It is often desirable for an absorbent garment to contract around various parts of the wearer's body to provide improved comfort and exudate containment. In addition to the standing leg gathers 30 or conventional gathers, waist elastics 5 and tummy elastics 3 may be incorporated into the garment 10 to contract the garment 10 about the wearer's waist and stomach. Such elastics are typicaUy stretched as they are joined to the garment 10 so that the contraction of the elastics causes the garment 10 to contract about the wearer. The elastics may also be appHed in an unstretched state and then mechanicaUy stretched to create an elasticized region in the garment (often caUed a zero-strain laminate). The elastics may also be appHed in an inelastic state and then heat activated to cause them to be come elasticized. The elastics 3, 5, and 6 may be made from natural or synthetic rubber, elastomers, LYCRA® elastomer (avaUable from E.I. DuPont de Nemours and Company, a business having offices in Wilmington, Delaware), polyurethane, heat shrinkable polymer ribbons, or any other suitable elastic material or composite.
In a preferred embodiment, the waist elastics 5 are located proximal to one or both longitudinal ends 4 of the chassis layer 34, and are thereby located along the waist encircling edge 4' of the fuUy assembled garment 10. h such an embodiment, the waist elastics 5 may be located on one side of the chassis layer 34, within a fold in the chassis layer 34 (as shown in Figure 2), or otherwise fixed in the proximity of the longitudinal ends 4. U.S. Patent No. 4,515,595 issued to Kievit et. al and U.S. Patent No. 4,816,025 issued to Foreman Ulustrate other embodiments of elasticized waist features of absorbent garments, and are hereby incorporated by reference in their entirety
Tummy elastics 3 may also be disposed in the garment 10 between the longitudinal ends 4 and the leg opening cutouts 22 to thereby be positioned across the wearer's stomach. The tummy elastics 3 may be attached directly to the chassis layer 34 or may be sandwiched between a pair of carrier layers 32, 32' to form tummy elastic assembHes 52 which are attached to the chassis layer 34. The tummy elastics 3 may be located on the interior or exterior side of the chassis layer 34, and may be covered by additional layers of material. In a preferred embodiment, the tummy elastics 3 are affixed between a pair of carrier layers 32, 32'. The carrier layers 32, 32' preferably comprise nonwoven materials, but may be made of any suitable material, and may be Hquid pervious or Hquid impervious. The carrier layers 32, 32' are preferably gas pervious to aUow the garment 10 to "breathe."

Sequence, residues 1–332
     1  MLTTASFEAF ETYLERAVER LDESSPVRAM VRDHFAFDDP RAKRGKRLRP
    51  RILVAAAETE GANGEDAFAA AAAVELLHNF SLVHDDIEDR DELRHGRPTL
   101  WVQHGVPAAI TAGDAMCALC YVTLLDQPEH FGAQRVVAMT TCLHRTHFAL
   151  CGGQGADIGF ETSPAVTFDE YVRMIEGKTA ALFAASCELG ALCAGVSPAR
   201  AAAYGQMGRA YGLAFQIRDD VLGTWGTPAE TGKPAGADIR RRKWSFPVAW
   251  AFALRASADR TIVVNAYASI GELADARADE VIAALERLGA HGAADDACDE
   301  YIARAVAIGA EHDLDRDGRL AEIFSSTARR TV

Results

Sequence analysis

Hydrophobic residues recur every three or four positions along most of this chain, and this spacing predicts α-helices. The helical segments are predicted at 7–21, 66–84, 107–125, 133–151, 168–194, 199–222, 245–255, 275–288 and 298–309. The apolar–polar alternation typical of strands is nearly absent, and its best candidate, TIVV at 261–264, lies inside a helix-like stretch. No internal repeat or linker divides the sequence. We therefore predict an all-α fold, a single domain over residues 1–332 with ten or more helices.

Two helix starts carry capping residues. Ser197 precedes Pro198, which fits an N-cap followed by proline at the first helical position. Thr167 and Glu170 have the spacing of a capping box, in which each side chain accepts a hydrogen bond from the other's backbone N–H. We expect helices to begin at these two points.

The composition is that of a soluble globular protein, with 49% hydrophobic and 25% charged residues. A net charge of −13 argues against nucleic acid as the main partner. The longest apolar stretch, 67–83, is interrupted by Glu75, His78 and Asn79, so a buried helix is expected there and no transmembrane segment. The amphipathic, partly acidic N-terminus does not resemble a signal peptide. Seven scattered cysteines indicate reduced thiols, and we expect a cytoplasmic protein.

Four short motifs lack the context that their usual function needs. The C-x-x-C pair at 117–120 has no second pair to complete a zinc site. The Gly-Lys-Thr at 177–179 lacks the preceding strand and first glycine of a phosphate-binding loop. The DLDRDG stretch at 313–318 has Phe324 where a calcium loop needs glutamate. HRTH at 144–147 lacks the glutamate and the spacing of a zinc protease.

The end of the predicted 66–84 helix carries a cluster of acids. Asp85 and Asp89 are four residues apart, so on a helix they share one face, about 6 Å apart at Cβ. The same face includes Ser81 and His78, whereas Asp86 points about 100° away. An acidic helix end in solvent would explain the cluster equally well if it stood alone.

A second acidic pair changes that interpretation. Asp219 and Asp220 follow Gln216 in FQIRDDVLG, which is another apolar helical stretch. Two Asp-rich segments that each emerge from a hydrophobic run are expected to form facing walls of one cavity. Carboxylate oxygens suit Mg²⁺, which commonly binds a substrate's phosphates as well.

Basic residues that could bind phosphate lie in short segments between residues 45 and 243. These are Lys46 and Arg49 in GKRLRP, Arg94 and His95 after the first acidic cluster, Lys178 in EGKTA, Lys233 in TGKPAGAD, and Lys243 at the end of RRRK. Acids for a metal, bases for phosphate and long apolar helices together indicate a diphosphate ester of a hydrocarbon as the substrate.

In one embodiment, the tummy elastics 3 may extend across the entire width of the garment 10. In a preferred embodiment, shown in Figures 1 and 2, the tummy elastics 3 extend across the lateral sides of the garment 10, but not across the portion of the garment 10 overlying the absorbent core 16. Such a preferred embodiment may provide improved fit and comfort and improve the garment's appearance. U.S. Patent No. 5,449,353 issued to Watanabe et. al. and U.S. Patent No. 5,749,865 issued to Yamamoto et al. Ulustrate other embodiments of elasticized waist features of absorbent garments, and are incorporated herein by reference in their entirety, and in a manner consistent with the present invention.
In another preferred embodiment, such as the embodiment shown in Figure 3, additional elastics may be appHed to the garment 10 along the leg cutouts 22. In such an embodiment, a first set of elastics 302 may be attached around one half of a leg cutout 22, stretched across the middle of the garment 10, then attached around one half of the opposite leg cutout 22 in a sinusoidal pattern or other pattern, and a second set of elastics 304 may be appHed in a similar manner to the other halves of the leg cutouts 22. The first and second sets of elastics 302, 304 may or may not overlap. Also, the first and second sets of elastics 302, 304 may also be severed between the leg cutouts 22 to improve the garment's appearance and fit. Such elastics are known in the art, and disclosed, for example, in U.S. Patent No. 5,634,917 issued to Fujioka et al. and U.S. Patent No. 5,836,931 issued to Toyoda et al, which are incorporated herein by reference in their entirety, and in a manner consistent with the present invention.
The elastics 3, 5, 6 or any other elastics may be joined to the garment 10 by the use of a flexible adhesive such as HL 1486UZP, which is avaUable from H.B. FuUer Company of St. Paul, Minnesota. In a preferred embodiment of the invention, the adhesive is appHed to the elastics 3, 5, 6 by passing the elastics through a comb appHcator 400, such as the one depicted in Figure 4. The comb appHcator 400 has one or more slots 402 through which individual elastic strands pass. Each slot is connected to an adhesive passage 404 through which adhesive is appHed to the elastic strands. In operation, adhesive is heated (if necessary) and pumped or otherwise suppHed or provided into the adhesive passages 404 to coat the elastic strands. The slots 402 shown in the Figures herein preferably have substantiaUy paraUel waUs and a substantiaUy semicircular bottom waU, but other shapes may be used, as wUl be apparent to those skilled in the art. Also in the embodiments depicted herein, the comb appHcator 400 is depicted as having four slots arranged in a substantiaUy straight line, however it should be readUy apparent to those skilled in the art that fewer or more slots may be employed and the slots may be staggered relative to one another. The slots 402 may optionaUy be equipped with tapered entrances 406 to facUitate positioning the elastic strands within the slots 402.